A spin-out from Cranfield University is expecting to make the first commercial sales of its novel corrosion sensing technology early next year after successful field trials.
CorrosionRADAR, based in Bedford, is heading out to South Korea in September on a visit organised by Enterprise Europe Network as part of the Innovate UK-funded Global Business Accelerator programme.
The Global Business Accelerator country visits organised by EEN are designed to help high-growth businesses to explore and exploit opportunities in specific countries and in market or technology areas.
EEN, fulfilling its role within the Innovate UK family of services, is providing support before, during and after this visit, which focuses on Internet of Things technologies.
Advisers from EEN in the East of England have been helping the company to refine its value proposition while assessing market opportunities and addressing supply chain issues.
Pitch to potential investors
CorrosionRADAR was referred to EEN for support with raising finance. The company took part in the EEN Pitchfest programme which involved pitch training delivered by the Knowledge Transfer Network, another partner organisation funded by Innovate UK. EEN also organised an investor showcase.
Chiraz Ennaceur, the company’s CEO, said: “EEN and the KTN have been helping us to identify suitable funding calls from Innovate UK. As part of a pilot programme, there was a Pitchfest event with potential investors so we needed some training.
“We had a lot of meetings with the people from EEN who posed some challenging questions. It all helped us to focus on the core business and better understand how to communicate our business offering. That was very useful.”
Chiraz is one of four co-founders at CorrosionRADAR, including the two inventors of its innovative ‘detect, connect and predict’ technology.
Using a long, thin, flexible sensor it can detect and locate corrosion and moisture in the most difficult, inhospitable and inaccessible locations, particularly where corrosion is prone to occur under insulation.
Targets in oil and gas and chemical sectors
The remote monitoring system renders manual inspections unnecessary because coded signals transmit data wirelessly through battery-powered devices. Crucially, in-built analytics allow owners of assets to employ a data-driven inspection programme to predict and manage any corrosion.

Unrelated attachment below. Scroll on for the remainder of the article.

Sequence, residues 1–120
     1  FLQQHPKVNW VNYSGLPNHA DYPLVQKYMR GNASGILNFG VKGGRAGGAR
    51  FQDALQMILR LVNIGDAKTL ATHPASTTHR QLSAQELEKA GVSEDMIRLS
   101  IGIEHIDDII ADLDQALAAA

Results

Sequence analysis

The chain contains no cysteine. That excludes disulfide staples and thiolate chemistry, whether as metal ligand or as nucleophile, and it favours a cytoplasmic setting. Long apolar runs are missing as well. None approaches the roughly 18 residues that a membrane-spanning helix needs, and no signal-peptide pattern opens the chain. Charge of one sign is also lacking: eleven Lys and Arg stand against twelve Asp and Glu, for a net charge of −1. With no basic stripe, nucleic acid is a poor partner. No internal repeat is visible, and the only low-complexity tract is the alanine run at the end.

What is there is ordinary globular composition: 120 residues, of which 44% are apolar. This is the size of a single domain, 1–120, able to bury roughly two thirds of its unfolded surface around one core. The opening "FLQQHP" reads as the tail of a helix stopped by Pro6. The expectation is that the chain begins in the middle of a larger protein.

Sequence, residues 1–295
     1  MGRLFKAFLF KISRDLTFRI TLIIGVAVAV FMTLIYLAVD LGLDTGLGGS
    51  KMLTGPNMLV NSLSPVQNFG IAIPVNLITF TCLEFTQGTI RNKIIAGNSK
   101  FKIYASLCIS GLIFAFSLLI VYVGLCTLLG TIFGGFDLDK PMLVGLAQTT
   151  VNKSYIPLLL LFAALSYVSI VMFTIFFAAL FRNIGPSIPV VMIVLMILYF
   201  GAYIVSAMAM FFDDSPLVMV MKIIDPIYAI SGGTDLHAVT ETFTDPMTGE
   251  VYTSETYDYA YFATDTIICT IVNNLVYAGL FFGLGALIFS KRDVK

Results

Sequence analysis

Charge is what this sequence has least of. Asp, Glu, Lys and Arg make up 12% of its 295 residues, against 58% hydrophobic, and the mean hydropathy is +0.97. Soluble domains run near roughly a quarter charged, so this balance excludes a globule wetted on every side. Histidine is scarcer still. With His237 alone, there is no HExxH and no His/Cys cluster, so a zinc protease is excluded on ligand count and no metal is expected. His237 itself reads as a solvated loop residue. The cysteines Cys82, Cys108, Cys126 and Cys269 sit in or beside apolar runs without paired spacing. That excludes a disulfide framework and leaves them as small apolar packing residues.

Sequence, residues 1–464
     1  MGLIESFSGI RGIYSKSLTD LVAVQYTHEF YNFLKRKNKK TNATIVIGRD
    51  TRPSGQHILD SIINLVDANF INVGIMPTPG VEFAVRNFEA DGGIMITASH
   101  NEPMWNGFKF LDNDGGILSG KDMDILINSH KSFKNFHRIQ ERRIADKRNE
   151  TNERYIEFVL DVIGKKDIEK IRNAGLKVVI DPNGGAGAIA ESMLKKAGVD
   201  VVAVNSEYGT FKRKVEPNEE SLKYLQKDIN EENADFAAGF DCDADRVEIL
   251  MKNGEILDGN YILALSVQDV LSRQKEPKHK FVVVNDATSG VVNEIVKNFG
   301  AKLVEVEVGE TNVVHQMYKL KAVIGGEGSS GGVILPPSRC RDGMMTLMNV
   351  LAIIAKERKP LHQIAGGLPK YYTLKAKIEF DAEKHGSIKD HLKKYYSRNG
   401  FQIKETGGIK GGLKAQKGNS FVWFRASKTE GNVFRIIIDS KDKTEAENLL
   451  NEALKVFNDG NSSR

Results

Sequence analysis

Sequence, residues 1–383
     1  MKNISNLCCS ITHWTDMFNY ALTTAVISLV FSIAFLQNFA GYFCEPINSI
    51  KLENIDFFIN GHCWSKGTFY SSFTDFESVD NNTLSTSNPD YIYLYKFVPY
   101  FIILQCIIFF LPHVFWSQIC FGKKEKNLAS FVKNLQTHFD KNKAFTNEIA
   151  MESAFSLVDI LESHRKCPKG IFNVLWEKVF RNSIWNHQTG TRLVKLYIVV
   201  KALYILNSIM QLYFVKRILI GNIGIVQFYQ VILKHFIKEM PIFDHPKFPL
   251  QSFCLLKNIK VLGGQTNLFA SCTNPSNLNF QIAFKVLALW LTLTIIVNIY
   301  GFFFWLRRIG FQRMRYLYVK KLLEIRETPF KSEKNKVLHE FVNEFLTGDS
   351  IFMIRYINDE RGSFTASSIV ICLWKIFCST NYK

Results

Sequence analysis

“This is a game-changing, integrated system for corrosion management that we are bringing to the global market,” Chiraz said. “We are moving the industry from a reactive approach, with costly, labour intensive, visual inspections, to remote, autonomous monitoring and a predictive process using machine learning.
“It will tell you where and when corrosion is happening, which is a huge problem in industries with assets in remote, inhospitable locations. Our first targets are oil and gas and the chemical sector but it could be extended to nuclear, renewables and construction, wherever corrosion can be an issue.”
In the meantime, the company is raising a second round of financing, a combination of equity and equity-free investment. It is also involved in two Innovate UK projects which are adding to the research need for development.
Chiraz added: “We are launching the first version of the product at the end of this year and are hoping to start sales at the beginning of 2019. As well as raising the funding to give our product the impetus it needs, we are growing our team of nine. We aim to double our numbers by next year.”
From my point of view, working with EEN and KTN, it’s like having a big family trying to help us.
Chiraz Ennaceur, CEO, CorrosionRADAR